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GREENWOOD VILLAGE, Colo. -- This is a busy weekend for realtors, so we want to warn you about a series of thefts across the Denver metro — mostly from high-end homes — and all of them happening during open houses.
That has led to realtors sending out one man's photo to warn each other of the danger.
"Here's where I had my jewelry box," said Sophie Leon, 80, pointing to the box that is now nearly empty.
For three decades, she felt safe in her Greenwood Village home, until she put it up for sale.
During her open house last Sunday, while she was at church, one of the "visitors" took her favorite gold necklace, her son's watch collection, earrings and other irreplaceable jewelry.
"He grabbed one of each earring," said Leon. "I can't believe it... that people come to your house and having all these people around, he had guts - and he planned it."
Her home is one of at least five high-end open houses targeted in the last few weeks, local realtors told Contact7, blaming a man caught on a surveillance camera outside one Denver home they said he hit, undetected by the realtor showing the home inside.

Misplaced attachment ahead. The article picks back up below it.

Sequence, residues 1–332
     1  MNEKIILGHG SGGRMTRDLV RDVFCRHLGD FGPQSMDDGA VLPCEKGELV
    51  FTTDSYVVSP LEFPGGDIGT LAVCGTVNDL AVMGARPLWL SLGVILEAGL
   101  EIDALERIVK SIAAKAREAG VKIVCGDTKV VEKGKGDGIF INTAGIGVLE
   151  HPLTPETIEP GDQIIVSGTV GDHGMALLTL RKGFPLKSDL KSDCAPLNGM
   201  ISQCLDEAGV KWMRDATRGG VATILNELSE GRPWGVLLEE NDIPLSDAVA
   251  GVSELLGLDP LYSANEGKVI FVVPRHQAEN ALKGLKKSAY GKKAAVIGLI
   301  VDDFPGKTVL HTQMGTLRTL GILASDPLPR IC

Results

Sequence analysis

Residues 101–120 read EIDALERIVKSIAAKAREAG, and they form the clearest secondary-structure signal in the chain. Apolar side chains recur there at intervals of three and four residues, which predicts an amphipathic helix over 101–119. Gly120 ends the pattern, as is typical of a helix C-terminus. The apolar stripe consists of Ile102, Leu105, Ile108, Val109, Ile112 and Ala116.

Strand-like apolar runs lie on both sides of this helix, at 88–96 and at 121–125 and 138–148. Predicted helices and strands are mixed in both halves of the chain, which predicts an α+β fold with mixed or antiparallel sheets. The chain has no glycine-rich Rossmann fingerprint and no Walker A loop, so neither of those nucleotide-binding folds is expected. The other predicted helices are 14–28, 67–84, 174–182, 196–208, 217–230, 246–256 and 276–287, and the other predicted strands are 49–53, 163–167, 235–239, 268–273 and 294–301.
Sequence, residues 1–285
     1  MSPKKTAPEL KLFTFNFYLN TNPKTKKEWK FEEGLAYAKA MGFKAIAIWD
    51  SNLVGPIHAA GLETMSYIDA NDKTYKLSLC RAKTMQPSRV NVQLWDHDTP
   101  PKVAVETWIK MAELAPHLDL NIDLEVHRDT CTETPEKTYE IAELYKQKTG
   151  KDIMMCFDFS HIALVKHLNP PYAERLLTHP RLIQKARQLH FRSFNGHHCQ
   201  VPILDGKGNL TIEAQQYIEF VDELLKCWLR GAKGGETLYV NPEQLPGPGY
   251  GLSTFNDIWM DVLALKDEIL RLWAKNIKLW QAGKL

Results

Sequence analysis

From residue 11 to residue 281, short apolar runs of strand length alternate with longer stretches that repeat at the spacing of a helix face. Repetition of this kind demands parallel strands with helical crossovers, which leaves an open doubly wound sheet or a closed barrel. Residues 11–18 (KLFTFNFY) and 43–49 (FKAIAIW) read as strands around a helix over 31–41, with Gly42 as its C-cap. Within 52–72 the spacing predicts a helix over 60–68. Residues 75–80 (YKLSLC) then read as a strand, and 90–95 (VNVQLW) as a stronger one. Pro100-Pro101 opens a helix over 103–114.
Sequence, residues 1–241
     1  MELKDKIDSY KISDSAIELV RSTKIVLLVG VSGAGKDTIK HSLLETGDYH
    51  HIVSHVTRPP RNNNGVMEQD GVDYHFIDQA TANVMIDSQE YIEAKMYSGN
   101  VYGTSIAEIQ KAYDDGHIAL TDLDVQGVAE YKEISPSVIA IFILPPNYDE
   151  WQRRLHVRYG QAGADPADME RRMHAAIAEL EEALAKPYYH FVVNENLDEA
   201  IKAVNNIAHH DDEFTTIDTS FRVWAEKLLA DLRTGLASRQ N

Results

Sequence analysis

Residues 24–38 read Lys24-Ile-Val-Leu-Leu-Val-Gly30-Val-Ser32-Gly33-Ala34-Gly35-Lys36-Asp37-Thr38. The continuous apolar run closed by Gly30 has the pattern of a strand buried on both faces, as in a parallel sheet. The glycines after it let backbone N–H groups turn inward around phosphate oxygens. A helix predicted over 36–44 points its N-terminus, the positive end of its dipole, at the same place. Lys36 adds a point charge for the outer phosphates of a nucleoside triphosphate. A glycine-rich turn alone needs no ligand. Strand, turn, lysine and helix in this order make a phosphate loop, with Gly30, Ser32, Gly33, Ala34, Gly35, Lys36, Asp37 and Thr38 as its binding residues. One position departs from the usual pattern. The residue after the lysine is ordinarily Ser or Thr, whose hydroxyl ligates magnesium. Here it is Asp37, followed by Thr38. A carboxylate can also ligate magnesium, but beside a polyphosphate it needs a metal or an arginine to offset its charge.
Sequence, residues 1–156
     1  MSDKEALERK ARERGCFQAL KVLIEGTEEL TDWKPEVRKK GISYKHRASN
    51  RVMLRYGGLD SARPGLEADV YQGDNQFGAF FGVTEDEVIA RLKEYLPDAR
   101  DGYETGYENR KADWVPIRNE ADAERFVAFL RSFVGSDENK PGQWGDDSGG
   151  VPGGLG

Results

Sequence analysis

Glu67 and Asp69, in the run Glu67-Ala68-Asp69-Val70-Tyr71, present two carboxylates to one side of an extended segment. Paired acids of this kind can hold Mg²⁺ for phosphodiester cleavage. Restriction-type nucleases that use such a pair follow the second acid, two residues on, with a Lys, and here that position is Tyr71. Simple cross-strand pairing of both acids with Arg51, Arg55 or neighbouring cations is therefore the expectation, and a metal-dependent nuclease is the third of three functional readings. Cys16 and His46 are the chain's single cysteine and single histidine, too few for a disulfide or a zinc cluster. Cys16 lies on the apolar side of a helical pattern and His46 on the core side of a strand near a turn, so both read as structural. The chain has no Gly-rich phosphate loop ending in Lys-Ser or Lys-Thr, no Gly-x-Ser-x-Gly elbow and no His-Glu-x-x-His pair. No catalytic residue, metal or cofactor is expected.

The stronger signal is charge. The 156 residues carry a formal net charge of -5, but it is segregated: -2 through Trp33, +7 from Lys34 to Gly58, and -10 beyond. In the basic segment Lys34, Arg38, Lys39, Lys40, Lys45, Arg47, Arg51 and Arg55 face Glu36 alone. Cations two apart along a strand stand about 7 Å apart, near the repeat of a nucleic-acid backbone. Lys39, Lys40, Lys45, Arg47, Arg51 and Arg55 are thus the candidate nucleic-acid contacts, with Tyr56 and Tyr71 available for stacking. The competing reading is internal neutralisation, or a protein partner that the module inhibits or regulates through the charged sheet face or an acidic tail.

"Allowing somebody to roam a house without supervision might not be the best idea right now," said Chief Michelle Tovrea, with the Cherry Hills Village Police Department.
Tovrea said she wants to warn others after someone matching the man in the photo's description stole a box of jewelry from an open house in Cherry Hills Village. She called the man in the photo "a person of interest."
"And we'd certainly like the talk to that person about what's been going on," said Tovrea.
Many realtors are aware open house thefts are unfortunately common.
"Strangers are coming into the home. You don't know who people are," said Heather Hankin, with the South Metro Denver Realtor Association, who added she recommends having more than one person at an open house. "And whenever I do an open house, I make sure the seller knows to remove all medicine from the home, lock up jewelry and guns. Don't just put it in a drawer, lock it up."
For Sophie, the stolen jewelry has sentimental value -- it included her wedding band and other rings given to her by her late husband. She hopes police can find the man who took them and get them back.
"You know, sometimes we are naive," she said. "They meant a lot to me."